A large part of the effect comes from Chopin's talent for melody. In every generation, just a few composers have the talent for writing tune after tune that sticks in your memory as soon as you've heard it, and Chopin was certainly one of them. But what makes him special is his ability to wrap intricate tracery around his melodies and to surprise you repeatedly with shifts of key and rhythm while always putting across a feeling that every note is in the right place. Perhaps the best descriptions come from the Paris Revue Musicale, which described the 22-year old Chopin as a young man who had found “an extravagance of original ideas that are unexampled anywhere” and from Robert Schumann, who found in his music the sound of “cannon concealed amid blossoms”.

Chopin was a less versatile composer than most of the greats with whom he is frequently and fairly bracketed. There is a handful of chamber pieces and orchestral works and a few songs, none of them massively distinguished. Through and through, Chopin was a salon composer: he wrote piano music to be played in the living rooms of the rich. And within that compass, he was matchless.

Part of Chopin's unique sound comes from a unique background. Born Fryderyk Franciszek to a Frenchman settled in Poland, he became an ardent Polish nationalist Polishness and is treated as one of the great men of Polish history. By the time he was eleven, the young Chopin was already acclaimed as a great pianist and had played for the Tsar of Russia at the opening of the Polish parliament; at twenty, he set off to make his fortune in Western Europe. Just 27 days after he left, the Poles rebelled against the rule of Russia in the November uprising, a rebellion which was crushed the following year, leaving Chopin distraught and providing the creative impulse for one of his most famous works, the “Revolutionary” Etude (Op.10 no.12). He suffered from ill health throughout his life.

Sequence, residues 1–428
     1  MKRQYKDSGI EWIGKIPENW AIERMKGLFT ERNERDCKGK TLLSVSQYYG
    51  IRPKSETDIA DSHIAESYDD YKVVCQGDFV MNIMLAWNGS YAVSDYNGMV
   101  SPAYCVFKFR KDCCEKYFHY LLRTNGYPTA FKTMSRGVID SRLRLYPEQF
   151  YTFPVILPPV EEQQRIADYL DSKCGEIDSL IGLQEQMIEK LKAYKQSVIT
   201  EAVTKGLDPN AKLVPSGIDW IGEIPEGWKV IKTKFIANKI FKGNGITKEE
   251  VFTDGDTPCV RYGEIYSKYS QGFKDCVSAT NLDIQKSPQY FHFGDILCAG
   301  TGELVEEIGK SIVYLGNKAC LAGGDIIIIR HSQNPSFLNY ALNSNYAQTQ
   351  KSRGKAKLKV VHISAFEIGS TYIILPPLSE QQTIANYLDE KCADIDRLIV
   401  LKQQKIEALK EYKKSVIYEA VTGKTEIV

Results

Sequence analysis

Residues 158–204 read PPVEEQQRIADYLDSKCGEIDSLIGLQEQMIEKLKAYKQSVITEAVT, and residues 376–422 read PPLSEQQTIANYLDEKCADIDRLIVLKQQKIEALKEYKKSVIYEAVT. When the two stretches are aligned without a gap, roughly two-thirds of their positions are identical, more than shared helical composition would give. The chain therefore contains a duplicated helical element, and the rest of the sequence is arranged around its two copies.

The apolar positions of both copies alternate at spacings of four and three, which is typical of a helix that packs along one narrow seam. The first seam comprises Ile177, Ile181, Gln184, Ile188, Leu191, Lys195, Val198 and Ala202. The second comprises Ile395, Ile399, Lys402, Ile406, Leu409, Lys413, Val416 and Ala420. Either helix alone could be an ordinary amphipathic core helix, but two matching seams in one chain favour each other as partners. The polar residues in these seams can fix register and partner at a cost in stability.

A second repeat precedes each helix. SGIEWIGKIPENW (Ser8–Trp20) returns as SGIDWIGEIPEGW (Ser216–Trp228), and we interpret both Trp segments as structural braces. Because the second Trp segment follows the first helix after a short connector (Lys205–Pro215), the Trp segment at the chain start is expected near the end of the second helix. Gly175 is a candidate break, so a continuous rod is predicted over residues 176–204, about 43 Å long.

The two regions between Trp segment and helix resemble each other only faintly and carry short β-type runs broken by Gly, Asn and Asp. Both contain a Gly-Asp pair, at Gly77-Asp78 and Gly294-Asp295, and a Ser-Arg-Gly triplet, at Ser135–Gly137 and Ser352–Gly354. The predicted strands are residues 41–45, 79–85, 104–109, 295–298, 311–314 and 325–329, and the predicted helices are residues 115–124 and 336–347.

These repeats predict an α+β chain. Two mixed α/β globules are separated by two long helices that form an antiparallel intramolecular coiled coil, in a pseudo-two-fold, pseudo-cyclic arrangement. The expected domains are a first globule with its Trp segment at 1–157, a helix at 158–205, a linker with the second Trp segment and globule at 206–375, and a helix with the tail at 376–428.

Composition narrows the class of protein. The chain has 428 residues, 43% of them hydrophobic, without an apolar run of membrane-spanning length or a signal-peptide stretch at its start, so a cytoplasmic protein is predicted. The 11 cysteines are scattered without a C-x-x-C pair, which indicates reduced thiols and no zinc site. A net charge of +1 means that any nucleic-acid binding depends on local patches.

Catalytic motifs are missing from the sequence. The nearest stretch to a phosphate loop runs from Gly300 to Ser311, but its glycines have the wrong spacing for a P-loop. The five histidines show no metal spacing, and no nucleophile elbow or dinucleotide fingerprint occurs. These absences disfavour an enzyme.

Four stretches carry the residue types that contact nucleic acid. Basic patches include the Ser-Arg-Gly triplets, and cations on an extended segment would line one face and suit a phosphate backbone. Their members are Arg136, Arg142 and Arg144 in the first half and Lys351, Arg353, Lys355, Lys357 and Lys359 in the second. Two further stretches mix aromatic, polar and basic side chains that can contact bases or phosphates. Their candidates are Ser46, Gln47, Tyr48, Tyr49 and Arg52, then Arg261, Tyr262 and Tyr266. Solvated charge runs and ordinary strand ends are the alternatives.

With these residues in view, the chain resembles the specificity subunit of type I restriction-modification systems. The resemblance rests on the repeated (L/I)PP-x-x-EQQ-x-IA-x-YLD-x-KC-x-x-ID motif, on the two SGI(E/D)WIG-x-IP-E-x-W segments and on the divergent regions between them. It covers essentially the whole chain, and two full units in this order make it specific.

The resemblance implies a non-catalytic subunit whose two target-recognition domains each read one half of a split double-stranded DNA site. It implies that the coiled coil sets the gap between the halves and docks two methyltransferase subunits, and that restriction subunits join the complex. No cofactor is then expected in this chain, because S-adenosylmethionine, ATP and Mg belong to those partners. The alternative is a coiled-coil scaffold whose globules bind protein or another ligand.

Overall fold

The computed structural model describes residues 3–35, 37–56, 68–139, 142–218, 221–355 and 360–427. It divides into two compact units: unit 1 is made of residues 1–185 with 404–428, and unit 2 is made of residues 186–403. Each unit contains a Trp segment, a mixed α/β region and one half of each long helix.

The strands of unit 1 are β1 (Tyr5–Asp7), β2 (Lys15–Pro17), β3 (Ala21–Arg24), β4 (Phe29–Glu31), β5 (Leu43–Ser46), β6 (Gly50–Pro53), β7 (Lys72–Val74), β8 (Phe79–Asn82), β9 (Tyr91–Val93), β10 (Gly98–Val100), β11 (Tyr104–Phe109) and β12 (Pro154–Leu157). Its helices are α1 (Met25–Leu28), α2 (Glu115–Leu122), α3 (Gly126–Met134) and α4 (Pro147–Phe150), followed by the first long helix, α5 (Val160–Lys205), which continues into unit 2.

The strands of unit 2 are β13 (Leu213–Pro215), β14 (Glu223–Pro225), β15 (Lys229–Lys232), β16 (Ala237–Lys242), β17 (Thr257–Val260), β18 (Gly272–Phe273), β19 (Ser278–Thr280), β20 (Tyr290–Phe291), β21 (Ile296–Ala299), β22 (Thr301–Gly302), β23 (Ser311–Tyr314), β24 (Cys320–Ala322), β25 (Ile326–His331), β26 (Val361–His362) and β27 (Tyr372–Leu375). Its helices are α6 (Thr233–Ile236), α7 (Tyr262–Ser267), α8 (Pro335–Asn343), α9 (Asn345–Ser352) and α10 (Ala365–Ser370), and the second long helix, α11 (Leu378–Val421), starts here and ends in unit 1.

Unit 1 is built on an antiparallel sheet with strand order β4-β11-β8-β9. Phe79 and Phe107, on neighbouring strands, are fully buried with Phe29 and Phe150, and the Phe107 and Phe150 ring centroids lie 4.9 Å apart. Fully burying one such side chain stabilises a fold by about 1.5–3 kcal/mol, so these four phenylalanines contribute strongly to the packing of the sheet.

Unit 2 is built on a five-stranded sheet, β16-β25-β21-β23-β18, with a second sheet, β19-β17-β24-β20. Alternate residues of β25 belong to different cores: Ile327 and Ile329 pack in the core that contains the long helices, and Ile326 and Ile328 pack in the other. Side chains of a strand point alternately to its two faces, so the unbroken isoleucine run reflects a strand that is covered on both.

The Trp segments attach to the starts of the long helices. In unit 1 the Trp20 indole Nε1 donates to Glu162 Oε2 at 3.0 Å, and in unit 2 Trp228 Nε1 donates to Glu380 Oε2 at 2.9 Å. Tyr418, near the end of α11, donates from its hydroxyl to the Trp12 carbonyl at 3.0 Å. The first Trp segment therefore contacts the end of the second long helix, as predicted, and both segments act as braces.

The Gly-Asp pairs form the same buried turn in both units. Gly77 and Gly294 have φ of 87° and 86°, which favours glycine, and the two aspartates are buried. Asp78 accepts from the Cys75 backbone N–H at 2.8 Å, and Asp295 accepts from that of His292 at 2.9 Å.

Chopin settled in Paris, where he became “Frédéric-François”, the name by which he is best known in English-speaking countries today, although he never learnt French perfectly. He enjoyed great concert success, but became aware that his style of playing was not suited to larger concert halls, preferring to play at his home or in salons, often on his much beloved Pleyel pianos.

In 1848, Chopin’s life was transformed by revolution once again, as the French nobility who formed his clientèle fled Paris, leaving him without income and in sharply deteriorated health. His last concert was in London in November that year: an ill-fated benefit concert for Polish refugees (no-one knows what was played since he could not be heard above the chatter of the social occasion). He died a year later in Paris, with his sister Ludwika, who had given him his first piano lessons, at his bedside.

Every lover of Chopin has their own favourite works and their own favourite performers: his music seems to lend itself to an extraordinary variety of performance styles, with endless argument possible about tempos, rubato, accenting and many other features of a performance.